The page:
HCP Live
Contagion LiveCGT LiveNeurology LiveHCP LiveOncology LiveContemporary PediatricsContemporary OBGYNEndocrinology NetworkPractical CardiologyRheumatology Netowrk

Pegcetacoplan Associated with Inhibition of Photoreceptor Loss and Thinning in GA

The post-hoc analysis suggests reliable quantification of photoreceptor loss is an essential tool to evaluate therapeutic efficacy in slowing GA progression.

New findings suggest the distinct quantification of photoreceptor loss using deep learning–based algorithms may offer an essential tool to evaluate therapeutic efficacy in slowing disease progression of geographic atrophy (GA).

The study data show photoreceptor loss and thinning are reduced by intravitreal complement C3 inhibition with pegcetacoplan.

“Automated quantification of photoreceptor loss/maintenance based on optical coherence tomography (OCT) images is an ideal approach to reliably monitor disease activity and therapeutic efficacy in GA management in clinical routine and regulatory trials,” wrote study author Ursula Schmidt-Erfurth, MD, Head of Department of Ophthalmology and Optometry, Medical University of Vienna.

The study investigators aimed to investigate the therapeutic effect of intravitreal pegcetacoplan on the inhibition of photoreceptor loss and thinning and geographic atrophy on conventional spectral-domain OCT (SD-OCT) imaging by deep learning-based automated photoreceptor qualification.

This study was a post-hoc analysis of a prospective, multicenter, randomized, sham-controlled, masked phase II trial investigating the safety and efficacy of pegcetacoplan for the treatment of GA due to age-related macular degeneration (AMD). Participants in the trial included the study eyes of 246 eyes of 246 patients, which were randomized 1:1:1 to monthly, bimonthly, and sham-controlled treatment.

Schmidt-Erfurth and colleagues performed fully automated, deep learning–based segmentation of retinal pigment epithelium (RPE) loss and photoreceptor loss thickness on SD-OCT volumes acquired at baseline and months 2, 6, and 12.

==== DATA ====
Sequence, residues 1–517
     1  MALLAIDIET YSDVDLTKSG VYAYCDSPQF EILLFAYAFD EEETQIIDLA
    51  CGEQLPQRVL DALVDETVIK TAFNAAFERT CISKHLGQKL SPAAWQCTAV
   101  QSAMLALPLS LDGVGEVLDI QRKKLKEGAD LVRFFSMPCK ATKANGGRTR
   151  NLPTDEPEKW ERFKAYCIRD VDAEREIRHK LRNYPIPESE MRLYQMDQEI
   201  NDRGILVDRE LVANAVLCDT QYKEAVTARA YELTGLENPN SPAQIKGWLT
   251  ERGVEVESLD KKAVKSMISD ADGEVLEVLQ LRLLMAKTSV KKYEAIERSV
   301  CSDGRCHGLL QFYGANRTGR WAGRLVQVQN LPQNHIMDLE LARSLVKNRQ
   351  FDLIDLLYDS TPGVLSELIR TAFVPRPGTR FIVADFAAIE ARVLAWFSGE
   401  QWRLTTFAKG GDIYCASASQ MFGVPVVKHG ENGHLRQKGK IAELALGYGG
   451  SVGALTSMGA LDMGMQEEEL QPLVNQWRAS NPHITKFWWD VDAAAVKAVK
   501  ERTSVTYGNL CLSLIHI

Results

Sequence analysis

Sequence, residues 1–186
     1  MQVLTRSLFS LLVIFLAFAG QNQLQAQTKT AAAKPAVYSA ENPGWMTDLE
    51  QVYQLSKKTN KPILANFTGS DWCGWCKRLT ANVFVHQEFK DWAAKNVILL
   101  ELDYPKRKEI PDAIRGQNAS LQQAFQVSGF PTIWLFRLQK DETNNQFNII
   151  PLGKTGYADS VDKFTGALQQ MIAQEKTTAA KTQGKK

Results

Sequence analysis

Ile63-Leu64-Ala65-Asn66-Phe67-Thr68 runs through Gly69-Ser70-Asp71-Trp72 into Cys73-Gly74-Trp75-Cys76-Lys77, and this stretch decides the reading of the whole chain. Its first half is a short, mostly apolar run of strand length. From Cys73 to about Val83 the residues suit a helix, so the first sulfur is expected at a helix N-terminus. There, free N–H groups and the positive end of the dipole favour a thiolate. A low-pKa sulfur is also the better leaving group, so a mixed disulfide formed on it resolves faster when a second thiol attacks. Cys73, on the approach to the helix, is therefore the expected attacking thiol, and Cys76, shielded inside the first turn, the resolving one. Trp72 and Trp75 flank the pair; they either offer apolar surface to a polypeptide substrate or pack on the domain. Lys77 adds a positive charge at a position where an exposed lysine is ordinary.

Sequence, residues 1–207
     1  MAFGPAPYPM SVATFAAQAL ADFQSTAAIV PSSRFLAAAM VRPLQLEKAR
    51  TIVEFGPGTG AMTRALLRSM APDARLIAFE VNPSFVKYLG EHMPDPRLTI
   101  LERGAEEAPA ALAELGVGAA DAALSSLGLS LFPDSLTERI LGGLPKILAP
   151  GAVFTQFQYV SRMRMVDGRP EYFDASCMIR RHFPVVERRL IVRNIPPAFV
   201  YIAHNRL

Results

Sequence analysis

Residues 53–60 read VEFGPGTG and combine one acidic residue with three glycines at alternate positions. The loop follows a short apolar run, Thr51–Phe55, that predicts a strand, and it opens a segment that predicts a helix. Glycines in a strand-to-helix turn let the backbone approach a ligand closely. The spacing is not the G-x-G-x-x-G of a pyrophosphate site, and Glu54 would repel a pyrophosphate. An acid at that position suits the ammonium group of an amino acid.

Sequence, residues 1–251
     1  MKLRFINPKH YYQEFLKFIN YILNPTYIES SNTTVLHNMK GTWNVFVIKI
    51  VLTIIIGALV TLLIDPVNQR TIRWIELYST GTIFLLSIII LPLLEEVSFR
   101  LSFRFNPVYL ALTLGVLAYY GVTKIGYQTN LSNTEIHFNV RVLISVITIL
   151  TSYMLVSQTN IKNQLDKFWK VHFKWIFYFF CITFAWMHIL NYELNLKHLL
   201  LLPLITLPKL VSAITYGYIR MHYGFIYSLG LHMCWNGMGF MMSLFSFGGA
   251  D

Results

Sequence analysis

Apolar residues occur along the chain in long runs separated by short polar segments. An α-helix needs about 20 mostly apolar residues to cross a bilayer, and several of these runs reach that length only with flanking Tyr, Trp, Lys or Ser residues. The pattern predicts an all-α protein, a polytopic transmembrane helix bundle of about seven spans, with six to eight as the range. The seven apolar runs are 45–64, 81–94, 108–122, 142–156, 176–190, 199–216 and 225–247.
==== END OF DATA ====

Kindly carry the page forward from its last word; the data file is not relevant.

The differences in the change of photoreceptor loss area was compared among the treatment arms. The change in photoreceptor thickness adjacent to the GA borders and the entire 20° scanning area was compared between treatment arms.

The main outcome measures included square-root transformed photoreceptor loss area in mm or mm, photoreceptor thickness in mm, and photoreceptor loss/retinal pigment epithelium (RPE) loss ratio.

The study evaluated a total of 31,556 B-scans of 644 SD-OCT volumes of 161 study eyes from baseline to month 12. It included 52 randomized eyes to monthly treatment, 54 eyes to bimonthly treatment, and 56 eyes to sham-controlled treatment.

Data on the comparison of the mean change in photoreceptor loss area reveal statistically significantly less growth in the monthly groups at months 2 (–41 μm ± 219 vs. 77 μm ± 126; P = 0.0004), month 6 (–5 μm ± 221 vs. 156 μm ± 139; P < 0.0001), and month 12 (106 μm ± 400 vs. 283 μm ± 226; P = 0.0014) than in the sham-controlled group).

Moreover, photoreceptor thinning was significantly reduced under the monthly treatment compared with sham-controlled treatment within the GA junctional zone, as well as throughout the 20° area. Investigators observed a trend toward greater inhibition of photoreceptor loss than RPE loss under therapy.

The abstract, “The Effect of Pegcetacoplan Treatment on Photoreceptor Maintenance in Geographic Atrophy Monitored by Artificial Intelligence-Based OCT Analysis,” was published in Ophthalmology Retina.